'Traces the genealogy of Australian poetry, from inception to present times. In the course of the study of Australian verse it focuses on the diametrically opposed thematic concerns of two poets.
The first of them, Kenneth Slessor, whose nihilism is all pervading, is treated as one of Australia's first modern poets. His work is a composite of antithetical elements that co-exist to reveal complex interfaces between the inner emergence of an artistic moment and the external experience of a verbal poetic artifact that disturbs and fascinates.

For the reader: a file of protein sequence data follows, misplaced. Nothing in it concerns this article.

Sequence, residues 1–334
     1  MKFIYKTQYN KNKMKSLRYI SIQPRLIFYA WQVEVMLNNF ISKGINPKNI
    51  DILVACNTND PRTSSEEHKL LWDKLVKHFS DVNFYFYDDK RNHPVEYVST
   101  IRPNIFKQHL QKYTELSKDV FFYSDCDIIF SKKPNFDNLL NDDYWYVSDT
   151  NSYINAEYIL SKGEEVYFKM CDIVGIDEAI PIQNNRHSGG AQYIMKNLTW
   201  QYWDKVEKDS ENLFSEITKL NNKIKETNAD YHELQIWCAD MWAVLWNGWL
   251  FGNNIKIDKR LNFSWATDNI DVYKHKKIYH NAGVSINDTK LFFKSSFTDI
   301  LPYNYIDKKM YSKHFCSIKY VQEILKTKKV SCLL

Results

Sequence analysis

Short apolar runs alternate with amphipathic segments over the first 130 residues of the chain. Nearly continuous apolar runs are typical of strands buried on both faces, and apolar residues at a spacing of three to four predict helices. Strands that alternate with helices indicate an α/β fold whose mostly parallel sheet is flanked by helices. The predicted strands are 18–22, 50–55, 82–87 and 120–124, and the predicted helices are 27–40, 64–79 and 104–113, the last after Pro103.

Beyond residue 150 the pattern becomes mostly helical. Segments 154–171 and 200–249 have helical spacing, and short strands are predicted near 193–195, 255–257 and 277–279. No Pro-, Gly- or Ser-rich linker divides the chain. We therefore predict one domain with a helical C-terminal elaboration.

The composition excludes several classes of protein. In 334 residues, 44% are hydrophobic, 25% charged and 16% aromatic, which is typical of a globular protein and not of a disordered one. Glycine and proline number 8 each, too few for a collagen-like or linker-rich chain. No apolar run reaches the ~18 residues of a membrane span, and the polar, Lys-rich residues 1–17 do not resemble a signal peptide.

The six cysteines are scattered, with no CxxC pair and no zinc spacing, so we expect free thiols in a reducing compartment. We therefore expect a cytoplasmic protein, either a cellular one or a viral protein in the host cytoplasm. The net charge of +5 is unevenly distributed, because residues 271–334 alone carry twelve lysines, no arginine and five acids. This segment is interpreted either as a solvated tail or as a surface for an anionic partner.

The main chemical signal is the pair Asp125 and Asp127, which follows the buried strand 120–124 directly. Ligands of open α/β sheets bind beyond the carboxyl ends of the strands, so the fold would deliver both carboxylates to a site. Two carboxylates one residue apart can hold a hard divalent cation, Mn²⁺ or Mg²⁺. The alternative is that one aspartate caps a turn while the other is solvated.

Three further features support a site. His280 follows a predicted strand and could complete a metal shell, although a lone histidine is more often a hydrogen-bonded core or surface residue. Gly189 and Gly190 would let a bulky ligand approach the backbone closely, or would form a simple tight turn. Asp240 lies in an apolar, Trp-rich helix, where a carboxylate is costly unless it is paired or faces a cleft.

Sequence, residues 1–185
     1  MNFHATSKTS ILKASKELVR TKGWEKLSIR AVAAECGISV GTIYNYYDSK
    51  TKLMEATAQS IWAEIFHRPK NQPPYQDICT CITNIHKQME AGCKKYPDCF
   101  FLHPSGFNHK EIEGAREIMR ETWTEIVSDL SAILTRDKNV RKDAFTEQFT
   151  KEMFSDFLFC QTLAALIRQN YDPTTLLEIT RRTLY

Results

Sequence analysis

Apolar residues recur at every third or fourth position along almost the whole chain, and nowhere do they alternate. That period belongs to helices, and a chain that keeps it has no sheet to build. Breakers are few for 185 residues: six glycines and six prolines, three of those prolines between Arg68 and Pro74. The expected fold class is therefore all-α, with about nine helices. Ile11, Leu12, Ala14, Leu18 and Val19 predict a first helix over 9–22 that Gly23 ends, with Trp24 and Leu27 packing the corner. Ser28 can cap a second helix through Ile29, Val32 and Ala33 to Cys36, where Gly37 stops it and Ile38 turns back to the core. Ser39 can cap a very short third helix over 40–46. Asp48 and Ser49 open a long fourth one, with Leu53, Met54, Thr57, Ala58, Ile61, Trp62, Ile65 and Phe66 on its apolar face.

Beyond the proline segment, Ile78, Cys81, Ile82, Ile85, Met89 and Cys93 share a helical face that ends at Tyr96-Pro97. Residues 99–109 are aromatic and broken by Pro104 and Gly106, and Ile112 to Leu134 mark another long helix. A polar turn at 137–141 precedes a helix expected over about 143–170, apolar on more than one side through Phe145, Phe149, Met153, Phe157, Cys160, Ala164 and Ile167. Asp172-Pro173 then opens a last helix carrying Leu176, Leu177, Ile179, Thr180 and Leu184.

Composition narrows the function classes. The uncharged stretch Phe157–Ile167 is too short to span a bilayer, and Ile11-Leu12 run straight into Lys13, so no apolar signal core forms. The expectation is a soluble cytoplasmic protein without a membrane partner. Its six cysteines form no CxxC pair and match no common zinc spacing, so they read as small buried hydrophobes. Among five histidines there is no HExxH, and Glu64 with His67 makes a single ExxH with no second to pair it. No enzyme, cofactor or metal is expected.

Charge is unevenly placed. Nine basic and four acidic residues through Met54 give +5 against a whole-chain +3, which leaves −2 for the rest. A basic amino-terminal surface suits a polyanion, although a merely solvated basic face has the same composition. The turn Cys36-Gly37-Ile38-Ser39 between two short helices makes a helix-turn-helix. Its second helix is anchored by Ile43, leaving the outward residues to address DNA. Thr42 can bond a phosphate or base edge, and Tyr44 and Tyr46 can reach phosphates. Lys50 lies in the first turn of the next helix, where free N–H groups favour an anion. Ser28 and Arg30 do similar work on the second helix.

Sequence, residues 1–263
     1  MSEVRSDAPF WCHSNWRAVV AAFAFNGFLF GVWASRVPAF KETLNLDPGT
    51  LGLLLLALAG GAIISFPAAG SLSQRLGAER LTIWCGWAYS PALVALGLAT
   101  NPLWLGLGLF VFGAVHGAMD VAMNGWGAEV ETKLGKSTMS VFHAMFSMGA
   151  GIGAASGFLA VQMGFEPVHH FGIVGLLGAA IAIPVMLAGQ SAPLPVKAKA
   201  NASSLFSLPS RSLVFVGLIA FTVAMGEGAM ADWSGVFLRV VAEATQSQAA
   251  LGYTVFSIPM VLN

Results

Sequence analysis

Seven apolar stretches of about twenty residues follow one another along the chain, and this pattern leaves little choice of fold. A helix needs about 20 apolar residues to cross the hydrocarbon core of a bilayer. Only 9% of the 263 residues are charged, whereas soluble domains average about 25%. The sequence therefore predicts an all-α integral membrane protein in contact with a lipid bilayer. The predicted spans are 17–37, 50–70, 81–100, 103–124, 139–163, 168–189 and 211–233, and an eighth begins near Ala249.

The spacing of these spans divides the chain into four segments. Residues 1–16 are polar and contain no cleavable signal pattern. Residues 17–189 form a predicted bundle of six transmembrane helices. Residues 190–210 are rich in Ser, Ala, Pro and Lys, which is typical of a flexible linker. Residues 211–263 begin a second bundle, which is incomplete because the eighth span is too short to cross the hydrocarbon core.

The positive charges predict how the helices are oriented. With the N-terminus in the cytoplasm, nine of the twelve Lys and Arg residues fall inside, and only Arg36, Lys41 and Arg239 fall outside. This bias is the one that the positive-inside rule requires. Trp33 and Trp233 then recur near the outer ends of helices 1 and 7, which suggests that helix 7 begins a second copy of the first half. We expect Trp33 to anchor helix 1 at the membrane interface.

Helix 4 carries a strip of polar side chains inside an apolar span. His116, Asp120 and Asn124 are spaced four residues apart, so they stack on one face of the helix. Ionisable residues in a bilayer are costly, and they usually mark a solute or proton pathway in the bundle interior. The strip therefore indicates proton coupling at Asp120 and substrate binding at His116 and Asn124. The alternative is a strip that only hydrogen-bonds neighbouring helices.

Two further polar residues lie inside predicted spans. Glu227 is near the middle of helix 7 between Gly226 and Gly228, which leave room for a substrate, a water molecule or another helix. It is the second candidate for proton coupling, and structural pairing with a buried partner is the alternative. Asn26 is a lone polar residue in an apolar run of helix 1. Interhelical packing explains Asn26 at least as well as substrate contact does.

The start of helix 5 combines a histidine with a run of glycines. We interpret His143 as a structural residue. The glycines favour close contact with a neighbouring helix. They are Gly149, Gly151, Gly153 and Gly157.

Les Murray contrastingly, writing in the comic vein, examines and interrogates issues associated with Australian society, the land and its inhabitants. He presents the reader with definite parameters of what falls within the umbrella of Australian-ness.
The study of Slessor and Murray's poetry has been perceived from an Indian's perspective, eliciting from a personal repertoire of cultural and philosophical heritage. Thereby, the book is peppered with spontaneous observations of the author which are inserted whenever Slessor and Murray evoke reflections of Indian thought.' (vii-viii)